I’m never going to be able to get used to that smell.
The usual smell of a Krispy Kreme storefront is sugary and tempting enough to begin with, but now… now there’s that caramelized quality to the air. And there’s a boiled-over vat of chocolate sauce visible through the shattered windows, the smoke-dark shards of glass framing the image as beams of light dance and bob and weave through the store, courtesy of the evidence collectors waving their Maglites around…
“Jones! Detective Jones!”
I rip my gaze from the blackened remains of the donut conveyor belts and turn to see Lisa Pelham -- better known to the Maryland cops as Lisey -- waving her arm at me. I nod, and the uniforms let her under the yellow tape to come over to me.
“So,” she says. “Second one this week?”
“And eight altogether,” I say. “The whole northeast is getting hit; one in New York, plus the D.C. store, and two each in Connecticut and Pennsylvania. The Rockland location’s the only one left in the state, and it’s under guard now.”
“Still no casualties?”
“No. All the jobs done at night after closing.” I don’t mention that there’s a 24-hour Krispy Kreme in Alexandria, Virginia. I’m worried about them.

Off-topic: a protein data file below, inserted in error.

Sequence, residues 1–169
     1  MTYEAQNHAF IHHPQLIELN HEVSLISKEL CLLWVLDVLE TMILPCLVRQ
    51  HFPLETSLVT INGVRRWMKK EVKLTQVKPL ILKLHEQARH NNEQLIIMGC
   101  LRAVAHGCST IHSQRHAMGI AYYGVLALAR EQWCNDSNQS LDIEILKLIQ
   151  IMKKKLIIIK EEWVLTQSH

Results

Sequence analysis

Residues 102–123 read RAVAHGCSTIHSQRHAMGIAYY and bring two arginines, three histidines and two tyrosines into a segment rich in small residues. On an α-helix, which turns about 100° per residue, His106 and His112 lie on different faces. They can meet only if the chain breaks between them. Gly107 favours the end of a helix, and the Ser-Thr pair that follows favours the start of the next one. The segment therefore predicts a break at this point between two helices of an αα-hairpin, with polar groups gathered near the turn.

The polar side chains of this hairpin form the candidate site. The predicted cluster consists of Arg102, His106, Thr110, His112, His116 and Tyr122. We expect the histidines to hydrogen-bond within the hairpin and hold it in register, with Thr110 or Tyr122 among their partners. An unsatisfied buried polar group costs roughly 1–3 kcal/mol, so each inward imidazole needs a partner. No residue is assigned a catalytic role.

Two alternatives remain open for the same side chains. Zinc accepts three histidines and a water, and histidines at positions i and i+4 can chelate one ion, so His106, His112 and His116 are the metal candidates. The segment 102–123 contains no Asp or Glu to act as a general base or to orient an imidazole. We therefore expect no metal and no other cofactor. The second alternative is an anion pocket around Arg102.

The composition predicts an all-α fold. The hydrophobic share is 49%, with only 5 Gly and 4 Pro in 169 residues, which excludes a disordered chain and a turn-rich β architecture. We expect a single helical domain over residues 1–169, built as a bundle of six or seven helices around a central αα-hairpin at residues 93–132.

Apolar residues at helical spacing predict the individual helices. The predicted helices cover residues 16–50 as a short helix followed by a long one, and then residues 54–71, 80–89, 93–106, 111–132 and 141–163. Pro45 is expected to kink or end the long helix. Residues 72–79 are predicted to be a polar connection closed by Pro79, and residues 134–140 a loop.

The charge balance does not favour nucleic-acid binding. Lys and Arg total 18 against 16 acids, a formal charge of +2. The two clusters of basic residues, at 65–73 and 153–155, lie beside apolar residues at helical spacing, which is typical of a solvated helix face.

“We are currently pursuing a number of leads and feel confident that the perpetrators will be brought to justice swiftly.”
“Aw, come on, Natalie.” Lisey’s shoulders slump. “Don’t give me the party line. Off the record, okay? What the hell is going on? Competitors? Those no-trans-fat nutjobs from New York?” She gives the store a glance over my shoulder, simultaneously pained and disbelieving. “I mean, come on,” she says again. “Who would do something like this?”
I resist the urge to look back. I’m sure the evidence guys are taking the photos and collecting the samples we need. I’ve already walked through once. That’s enough. I’ll come back again when the place is cold… if I have to.
I look Lisey in the eyes.
“I don’t know. The people who run the Cinnabons and the Dunkin Donuts… they’re scared. Maybe there’s someone else we haven’t talked to, but the ones we’ve met are being straight with us. There’s no way they’re behind it. And the trans-fat types you’re talking about clearly prefer legislation to…” I pause, and I get the smell in my nose again. Smoke. Char. Burnt paper and sugar and dough. “Well, to this.”
I catch that pained expression from Lisey again, and I know that it’s only years of police training -- and years of poker playing -- that are keeping the same expression from crossing my own face.
I touch Lisey on the shoulder. “I’ll let you know the second I get something. You. And we can talk about what gets reported afterwards.”
Lisey nods, and walks back towards the yellow tape.
A still-smoldering bale of napkins gets shoved outside the store’s front door.
Fucking diet. You’d think losing the stores would make it easier, but now, knowing that I can’t just go get one, even if I wanted it…
The glazed at Dunkin don’t even come close.
I wonder how long a drive it is to Alexandria.
I wonder if there are any Weight Watchers meetings this late at night.
Inspired by a Writer's Digest writing prompt: a police detective is assigned to a case involving arson at several Krispy Kreme doughnut shops.